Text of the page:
I hope it’s a movement. When I turned my fiber arts studio towards sustainable fashion five years ago there were only a handful of menders online. And now there are hundreds of menders and so many folks integrating mending into their craft work. I hope that mending is finding its place in the craft and maker movement. It’s a great way to use hand-stitching, basic design, and a visual approach to repair. Yes, the repair needs to be sturdy — and I share all my techniques in my new book, Mending Matters — but once you have the basics you can progress quickly, like any craft.
Do you think visible mending leads people to also want to learn more about the “proper” ways (for lack of a better way of saying that!) and hone their skills? Is it a gateway hobby?
I think it’s like any other craft. I’m a beginner knitter so I’m only looking at basic knitting patterns right now but I hope to advance to more intermediate patterns and someday advanced patterns too. But first I have to learn the basics, exercise patience and just keep practicing. When I first started mending I wasn’t using the same techniques I use now. Through so much trial and error, student feedback, teaching, researching and writing I’ve developed techniques I feel really good about. But it took five years to get to this point in my mending work. If folks keep mending, they’ll make beautiful repairs with enough time.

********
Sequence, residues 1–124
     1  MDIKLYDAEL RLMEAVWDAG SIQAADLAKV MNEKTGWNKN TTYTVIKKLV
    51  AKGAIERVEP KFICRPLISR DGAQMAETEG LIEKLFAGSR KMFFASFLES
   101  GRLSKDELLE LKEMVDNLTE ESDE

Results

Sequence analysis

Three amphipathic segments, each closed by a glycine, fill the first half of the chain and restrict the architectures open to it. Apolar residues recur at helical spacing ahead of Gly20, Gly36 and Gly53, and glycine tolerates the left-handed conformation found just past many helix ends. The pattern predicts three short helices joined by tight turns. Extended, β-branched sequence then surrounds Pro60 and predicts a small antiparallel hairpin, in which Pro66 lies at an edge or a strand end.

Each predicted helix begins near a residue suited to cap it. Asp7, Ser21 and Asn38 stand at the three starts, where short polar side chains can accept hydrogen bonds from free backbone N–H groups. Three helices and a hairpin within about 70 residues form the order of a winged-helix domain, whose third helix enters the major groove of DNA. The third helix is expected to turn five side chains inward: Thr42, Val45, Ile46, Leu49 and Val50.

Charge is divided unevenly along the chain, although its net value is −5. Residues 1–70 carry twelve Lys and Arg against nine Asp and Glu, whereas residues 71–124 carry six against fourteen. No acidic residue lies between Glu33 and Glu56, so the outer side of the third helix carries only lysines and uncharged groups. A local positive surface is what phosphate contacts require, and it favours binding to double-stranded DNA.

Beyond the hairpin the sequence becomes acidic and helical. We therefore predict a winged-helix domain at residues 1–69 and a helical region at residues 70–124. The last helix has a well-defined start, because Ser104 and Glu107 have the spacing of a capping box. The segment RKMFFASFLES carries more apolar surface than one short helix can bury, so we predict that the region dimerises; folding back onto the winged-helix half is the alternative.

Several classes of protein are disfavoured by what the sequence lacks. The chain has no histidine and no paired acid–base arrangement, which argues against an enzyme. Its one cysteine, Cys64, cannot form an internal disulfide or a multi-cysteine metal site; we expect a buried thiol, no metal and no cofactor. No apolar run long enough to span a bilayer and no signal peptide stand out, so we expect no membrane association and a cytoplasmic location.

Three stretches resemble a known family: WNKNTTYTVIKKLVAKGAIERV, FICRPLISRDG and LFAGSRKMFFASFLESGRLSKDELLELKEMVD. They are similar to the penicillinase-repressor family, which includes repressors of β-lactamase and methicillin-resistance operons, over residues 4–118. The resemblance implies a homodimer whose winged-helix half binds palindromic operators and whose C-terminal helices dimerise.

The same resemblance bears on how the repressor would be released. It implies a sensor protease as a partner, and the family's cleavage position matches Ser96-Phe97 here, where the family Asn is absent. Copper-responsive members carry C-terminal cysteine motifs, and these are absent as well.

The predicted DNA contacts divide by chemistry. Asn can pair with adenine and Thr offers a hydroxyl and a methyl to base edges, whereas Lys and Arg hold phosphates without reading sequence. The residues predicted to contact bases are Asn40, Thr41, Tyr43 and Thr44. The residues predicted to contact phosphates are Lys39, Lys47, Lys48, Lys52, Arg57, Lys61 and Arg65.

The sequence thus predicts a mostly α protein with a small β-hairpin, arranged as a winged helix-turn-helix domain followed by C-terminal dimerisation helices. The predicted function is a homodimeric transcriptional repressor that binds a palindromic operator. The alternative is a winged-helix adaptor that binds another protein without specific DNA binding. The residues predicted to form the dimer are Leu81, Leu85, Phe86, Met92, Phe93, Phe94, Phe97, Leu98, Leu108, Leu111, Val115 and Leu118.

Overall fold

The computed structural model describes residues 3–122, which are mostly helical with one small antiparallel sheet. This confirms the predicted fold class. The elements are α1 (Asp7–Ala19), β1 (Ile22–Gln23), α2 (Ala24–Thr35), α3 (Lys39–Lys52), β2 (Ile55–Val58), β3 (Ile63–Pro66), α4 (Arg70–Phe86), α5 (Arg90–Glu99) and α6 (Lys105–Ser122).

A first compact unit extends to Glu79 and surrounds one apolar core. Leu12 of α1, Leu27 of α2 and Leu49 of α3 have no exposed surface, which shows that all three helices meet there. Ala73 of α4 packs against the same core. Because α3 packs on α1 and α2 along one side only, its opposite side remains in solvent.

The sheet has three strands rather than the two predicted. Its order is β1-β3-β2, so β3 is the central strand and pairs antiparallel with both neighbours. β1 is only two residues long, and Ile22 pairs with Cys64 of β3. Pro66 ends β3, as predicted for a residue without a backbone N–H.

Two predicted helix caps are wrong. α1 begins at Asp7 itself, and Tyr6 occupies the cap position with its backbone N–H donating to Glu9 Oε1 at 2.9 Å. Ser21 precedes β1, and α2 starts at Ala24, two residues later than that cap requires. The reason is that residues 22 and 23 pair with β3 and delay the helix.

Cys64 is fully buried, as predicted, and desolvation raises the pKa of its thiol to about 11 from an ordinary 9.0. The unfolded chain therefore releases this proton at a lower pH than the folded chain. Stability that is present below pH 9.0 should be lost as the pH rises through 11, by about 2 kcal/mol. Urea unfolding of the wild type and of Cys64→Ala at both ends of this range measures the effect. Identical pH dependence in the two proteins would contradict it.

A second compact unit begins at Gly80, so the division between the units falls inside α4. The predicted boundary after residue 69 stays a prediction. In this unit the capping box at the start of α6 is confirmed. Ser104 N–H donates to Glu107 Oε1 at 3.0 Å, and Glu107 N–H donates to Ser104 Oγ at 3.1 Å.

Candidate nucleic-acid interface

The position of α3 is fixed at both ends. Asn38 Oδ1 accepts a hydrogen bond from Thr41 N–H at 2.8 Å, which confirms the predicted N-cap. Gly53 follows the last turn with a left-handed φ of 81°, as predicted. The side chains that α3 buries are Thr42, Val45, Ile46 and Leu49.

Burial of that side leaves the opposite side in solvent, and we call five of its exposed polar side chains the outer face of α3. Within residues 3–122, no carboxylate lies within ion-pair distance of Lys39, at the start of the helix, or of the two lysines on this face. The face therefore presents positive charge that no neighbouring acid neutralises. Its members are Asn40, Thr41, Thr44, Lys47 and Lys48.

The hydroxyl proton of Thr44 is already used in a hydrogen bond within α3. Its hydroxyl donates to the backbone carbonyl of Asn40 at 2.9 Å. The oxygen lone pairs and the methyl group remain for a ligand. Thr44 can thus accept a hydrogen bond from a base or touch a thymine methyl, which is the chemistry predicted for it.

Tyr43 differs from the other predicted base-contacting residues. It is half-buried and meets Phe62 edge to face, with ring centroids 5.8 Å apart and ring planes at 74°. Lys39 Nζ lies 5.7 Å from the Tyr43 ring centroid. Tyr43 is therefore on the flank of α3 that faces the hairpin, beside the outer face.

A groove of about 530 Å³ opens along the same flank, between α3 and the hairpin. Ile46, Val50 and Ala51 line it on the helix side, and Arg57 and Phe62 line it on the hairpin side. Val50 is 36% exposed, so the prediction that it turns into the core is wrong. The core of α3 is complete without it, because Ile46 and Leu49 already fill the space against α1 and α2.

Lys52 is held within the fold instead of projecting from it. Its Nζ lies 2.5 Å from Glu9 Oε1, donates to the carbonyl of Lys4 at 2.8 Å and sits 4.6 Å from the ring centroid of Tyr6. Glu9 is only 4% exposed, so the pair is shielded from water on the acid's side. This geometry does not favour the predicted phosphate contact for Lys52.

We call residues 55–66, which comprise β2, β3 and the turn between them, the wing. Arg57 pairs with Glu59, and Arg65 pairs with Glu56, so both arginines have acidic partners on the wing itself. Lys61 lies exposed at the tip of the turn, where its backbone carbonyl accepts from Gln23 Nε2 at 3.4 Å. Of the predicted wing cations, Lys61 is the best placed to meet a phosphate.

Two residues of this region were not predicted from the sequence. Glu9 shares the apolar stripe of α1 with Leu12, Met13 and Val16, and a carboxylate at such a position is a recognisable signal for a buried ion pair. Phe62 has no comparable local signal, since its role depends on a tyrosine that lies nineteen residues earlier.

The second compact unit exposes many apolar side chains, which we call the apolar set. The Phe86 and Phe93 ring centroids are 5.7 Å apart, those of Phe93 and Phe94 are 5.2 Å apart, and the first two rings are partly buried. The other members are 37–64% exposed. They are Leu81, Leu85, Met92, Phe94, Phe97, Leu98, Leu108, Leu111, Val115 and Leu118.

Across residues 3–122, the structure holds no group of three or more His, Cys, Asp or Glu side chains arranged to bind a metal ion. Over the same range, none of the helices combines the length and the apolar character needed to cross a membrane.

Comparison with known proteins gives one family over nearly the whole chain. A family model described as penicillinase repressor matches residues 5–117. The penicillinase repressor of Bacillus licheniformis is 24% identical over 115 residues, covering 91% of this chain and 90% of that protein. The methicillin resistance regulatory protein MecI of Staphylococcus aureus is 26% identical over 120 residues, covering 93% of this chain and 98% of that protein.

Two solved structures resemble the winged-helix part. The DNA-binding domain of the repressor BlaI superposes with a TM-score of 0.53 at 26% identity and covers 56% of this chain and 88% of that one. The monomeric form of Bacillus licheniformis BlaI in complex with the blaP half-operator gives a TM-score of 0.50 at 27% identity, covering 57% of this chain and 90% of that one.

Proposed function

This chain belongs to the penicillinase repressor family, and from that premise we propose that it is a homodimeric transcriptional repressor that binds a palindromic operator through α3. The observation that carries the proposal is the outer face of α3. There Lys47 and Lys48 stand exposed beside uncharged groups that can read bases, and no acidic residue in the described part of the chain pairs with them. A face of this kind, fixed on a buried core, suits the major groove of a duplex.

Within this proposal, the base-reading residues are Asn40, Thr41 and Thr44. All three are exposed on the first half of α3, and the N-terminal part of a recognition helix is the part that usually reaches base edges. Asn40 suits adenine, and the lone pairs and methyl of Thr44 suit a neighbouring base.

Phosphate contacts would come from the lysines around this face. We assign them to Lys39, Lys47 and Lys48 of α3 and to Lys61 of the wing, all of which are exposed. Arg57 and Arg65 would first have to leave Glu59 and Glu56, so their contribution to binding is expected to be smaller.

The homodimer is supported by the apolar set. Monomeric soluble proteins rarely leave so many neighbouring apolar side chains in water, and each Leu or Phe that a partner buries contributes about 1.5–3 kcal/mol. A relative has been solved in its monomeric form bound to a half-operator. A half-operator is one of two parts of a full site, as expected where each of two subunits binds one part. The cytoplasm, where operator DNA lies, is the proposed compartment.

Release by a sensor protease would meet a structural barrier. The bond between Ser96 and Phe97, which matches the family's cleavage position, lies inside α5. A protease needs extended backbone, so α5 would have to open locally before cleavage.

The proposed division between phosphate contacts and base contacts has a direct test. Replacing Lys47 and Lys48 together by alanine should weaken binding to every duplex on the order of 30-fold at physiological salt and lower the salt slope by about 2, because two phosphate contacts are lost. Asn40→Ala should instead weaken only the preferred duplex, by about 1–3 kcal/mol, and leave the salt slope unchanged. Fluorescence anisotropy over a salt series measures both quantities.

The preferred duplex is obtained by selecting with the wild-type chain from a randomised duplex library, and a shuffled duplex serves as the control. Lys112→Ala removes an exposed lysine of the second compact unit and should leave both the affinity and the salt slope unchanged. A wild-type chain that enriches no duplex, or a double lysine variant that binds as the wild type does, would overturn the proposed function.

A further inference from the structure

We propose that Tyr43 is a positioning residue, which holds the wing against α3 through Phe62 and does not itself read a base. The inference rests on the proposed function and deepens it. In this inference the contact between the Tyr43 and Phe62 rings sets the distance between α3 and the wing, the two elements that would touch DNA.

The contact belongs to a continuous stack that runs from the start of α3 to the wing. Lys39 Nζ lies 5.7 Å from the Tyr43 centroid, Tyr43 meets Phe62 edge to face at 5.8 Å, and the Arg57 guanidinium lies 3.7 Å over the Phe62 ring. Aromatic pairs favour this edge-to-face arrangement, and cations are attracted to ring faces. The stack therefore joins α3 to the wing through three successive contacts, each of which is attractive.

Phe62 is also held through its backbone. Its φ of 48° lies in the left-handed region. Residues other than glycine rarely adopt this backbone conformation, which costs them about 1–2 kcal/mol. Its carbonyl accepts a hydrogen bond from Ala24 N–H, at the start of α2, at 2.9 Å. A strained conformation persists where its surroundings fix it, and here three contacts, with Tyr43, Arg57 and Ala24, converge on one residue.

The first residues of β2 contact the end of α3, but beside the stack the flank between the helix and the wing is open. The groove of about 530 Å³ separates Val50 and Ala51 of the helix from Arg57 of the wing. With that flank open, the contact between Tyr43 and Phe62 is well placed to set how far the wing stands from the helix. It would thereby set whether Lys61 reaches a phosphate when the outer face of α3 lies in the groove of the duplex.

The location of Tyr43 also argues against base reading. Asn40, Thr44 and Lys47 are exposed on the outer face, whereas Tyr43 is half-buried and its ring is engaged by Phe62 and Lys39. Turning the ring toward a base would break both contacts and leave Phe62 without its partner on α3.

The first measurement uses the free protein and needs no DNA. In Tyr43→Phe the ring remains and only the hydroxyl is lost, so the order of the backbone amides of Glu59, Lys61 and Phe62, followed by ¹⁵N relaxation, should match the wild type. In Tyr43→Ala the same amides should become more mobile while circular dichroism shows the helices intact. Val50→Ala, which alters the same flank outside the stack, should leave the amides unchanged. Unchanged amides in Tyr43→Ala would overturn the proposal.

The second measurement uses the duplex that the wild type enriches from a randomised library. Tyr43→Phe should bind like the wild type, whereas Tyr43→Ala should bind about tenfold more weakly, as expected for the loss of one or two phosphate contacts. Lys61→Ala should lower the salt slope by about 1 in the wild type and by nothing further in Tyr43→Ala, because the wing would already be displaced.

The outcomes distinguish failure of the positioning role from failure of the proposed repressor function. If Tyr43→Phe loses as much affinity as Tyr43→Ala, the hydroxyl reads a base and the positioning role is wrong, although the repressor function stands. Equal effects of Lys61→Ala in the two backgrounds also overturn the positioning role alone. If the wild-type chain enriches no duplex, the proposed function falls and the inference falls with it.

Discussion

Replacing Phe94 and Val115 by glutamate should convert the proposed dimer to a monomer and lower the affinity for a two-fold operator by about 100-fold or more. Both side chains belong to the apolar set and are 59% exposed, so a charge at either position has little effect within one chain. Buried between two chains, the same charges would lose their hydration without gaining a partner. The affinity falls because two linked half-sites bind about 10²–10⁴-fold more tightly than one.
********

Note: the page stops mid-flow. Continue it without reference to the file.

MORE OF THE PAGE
What do you think is the best, most rewarding aspect of altering/refashioning/dyeing/mending or otherwise exerting influence over your clothes?
Creative expression. Making the garments truly my own. Using the basic elements of design to repair jeans and knowing that I leave my imprint as a fiber artist on the garment. But, also being able to infuse my wardrobe with an aesthetic that feels like my art. And it’s a political statement too — better for the planet and the people.
And what’s your best advice for someone who is interested in some or all of this but has no idea how to start?
I always refer to that beautiful Arthur Ashe quote, “Start where you are, use what you have, do what you can”. I came across that quote years ago and I’ve been using it ever since — it’s the best metaphor for sustainable fashion. Just one garment at a time.
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Thank you, Katrina — I hope everyone is feeling inspired to get into fix-it mode!